Master of Arts (MA)


Communication Sciences and Disorders

Document Type



Speech-language pathologists must consider the clients’ quality of life (QoL) to provide effective and meaningful evidence-based treatment (ASHA, 2005). Quality of life assessment goes beyond language impairments and is often a key part of planning intervention. However, few QoL measures exist for people with aphasia (PWA). The Stroke and Aphasia Quality of Life Scale-39 (SAQOL-39; Hilari, 2003) is one of the few valid and reliable measures used to assess QoL in people with mild to moderate aphasia. However, the validity and reliability of the SAQOL-39 has not been established for individuals with severe aphasia who are unable to read and comprehend the written items (Hilari & Byng, 2001). Proxy reports for people with severe aphasia are not reliable and can contribute to misinterpretation of people with severe aphasia and their QoL (Hilari & Byng, 2009). High-context color photographs may access intact linguistic processes in PWA by bypassing their reading deficits (McKelvey, Hux, Dietz, & Beukelman, 2010). Therefore, visual aids may enhance accessibility of written assessments like the SAQOL-39 for people with severe aphasia. Preliminary content validity has been established for high-context color photographs paired with SAQOL-39 items by normal aging adults (Brouwer, 2013). The present study aimed to continue to establish the content validity of the photographs by investigating how 10 adults with mild to moderate aphasia, aged 30-89 years, rated similarities of photographic representations of SAQOL-39 items, rated on a 7-point Likert scale. The present results supported high content validity of photographic representations. The overall mean rating of items was 6.40 and 92% of the photographs were rated a 6 or 7 at least 60% of the time, indicating most people with mild to moderate aphasia rated photographs highly similar to the written questions they were paired with. This study’s results suggest the photographs may make the SAQOL-39 more accessible for people with severe aphasia to self-report on their QoL. Further research is warranted to investigate accessibility of the photographs among the severe aphasia population.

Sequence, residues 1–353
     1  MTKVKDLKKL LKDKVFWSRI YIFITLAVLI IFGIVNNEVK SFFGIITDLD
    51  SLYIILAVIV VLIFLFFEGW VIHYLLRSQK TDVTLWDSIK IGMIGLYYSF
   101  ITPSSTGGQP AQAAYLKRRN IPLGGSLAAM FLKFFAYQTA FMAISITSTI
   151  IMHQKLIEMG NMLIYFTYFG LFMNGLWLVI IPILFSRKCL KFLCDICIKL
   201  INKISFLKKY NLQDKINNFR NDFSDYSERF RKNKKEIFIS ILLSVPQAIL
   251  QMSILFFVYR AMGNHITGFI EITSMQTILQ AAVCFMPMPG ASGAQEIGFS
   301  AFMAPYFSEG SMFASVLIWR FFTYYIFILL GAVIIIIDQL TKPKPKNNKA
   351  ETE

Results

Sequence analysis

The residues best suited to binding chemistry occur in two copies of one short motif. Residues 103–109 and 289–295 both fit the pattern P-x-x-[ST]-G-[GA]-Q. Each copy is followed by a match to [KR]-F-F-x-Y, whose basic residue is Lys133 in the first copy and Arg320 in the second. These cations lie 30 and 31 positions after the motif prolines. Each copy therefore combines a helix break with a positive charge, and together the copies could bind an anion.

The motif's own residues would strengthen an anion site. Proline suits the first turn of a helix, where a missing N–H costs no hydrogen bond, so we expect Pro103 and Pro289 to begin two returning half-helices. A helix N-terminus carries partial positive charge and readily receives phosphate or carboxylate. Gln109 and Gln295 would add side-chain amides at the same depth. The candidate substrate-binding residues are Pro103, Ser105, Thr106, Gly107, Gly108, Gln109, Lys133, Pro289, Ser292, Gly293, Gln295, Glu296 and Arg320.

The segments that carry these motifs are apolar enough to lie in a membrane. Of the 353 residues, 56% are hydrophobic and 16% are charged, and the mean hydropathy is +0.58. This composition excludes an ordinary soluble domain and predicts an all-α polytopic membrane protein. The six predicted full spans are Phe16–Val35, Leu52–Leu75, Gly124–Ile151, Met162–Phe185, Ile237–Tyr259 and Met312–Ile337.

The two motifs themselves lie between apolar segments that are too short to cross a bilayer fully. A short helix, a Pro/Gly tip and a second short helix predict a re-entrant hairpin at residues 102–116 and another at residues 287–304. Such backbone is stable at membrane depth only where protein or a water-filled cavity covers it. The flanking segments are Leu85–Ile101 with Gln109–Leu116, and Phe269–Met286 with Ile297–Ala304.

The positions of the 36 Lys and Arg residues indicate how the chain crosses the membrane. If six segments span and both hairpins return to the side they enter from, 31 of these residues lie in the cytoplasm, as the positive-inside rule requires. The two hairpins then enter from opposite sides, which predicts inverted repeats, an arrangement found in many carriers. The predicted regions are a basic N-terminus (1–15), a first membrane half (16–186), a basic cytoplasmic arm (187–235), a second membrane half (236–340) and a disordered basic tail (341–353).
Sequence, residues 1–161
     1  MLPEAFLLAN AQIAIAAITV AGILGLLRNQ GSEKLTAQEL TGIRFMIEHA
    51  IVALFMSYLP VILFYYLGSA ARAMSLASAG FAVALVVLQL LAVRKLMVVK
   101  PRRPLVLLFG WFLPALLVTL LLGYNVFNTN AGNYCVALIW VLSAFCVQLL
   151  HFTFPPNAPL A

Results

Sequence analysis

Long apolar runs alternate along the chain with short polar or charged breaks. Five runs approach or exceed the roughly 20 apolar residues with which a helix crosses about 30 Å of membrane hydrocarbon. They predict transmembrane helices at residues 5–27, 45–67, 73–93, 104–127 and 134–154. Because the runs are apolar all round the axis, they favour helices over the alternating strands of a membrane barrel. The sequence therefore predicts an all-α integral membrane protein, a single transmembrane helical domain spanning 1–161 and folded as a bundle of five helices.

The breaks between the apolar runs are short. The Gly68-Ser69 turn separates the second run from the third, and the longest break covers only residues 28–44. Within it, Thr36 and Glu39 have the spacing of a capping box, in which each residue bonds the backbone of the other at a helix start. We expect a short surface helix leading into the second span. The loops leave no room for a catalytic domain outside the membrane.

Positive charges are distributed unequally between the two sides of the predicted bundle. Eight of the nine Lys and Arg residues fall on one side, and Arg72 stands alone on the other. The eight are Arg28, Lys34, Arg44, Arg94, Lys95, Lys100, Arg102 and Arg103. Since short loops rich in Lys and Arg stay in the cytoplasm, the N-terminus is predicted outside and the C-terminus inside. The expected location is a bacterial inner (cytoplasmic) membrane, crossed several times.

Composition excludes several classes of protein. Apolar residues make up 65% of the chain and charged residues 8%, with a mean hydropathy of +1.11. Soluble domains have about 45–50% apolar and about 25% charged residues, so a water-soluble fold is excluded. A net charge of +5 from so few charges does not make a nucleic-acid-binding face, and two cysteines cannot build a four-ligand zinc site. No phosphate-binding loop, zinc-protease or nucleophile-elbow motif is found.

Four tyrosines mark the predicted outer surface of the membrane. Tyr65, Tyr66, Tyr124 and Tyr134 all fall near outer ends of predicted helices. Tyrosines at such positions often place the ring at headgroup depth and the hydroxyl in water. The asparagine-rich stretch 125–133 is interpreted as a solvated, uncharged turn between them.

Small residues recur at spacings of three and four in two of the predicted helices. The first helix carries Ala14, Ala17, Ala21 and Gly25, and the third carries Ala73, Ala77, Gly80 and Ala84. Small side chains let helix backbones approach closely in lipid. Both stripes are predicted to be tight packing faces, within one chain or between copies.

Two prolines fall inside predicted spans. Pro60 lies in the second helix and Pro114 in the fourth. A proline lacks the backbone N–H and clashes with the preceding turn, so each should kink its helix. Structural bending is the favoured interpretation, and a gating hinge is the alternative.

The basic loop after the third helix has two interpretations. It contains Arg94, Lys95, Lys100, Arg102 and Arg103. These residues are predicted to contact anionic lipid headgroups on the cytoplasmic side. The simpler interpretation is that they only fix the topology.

Document Availability at the Time of Submission

Release the entire work immediately for access worldwide.

Committee Chair

Donovan, Neila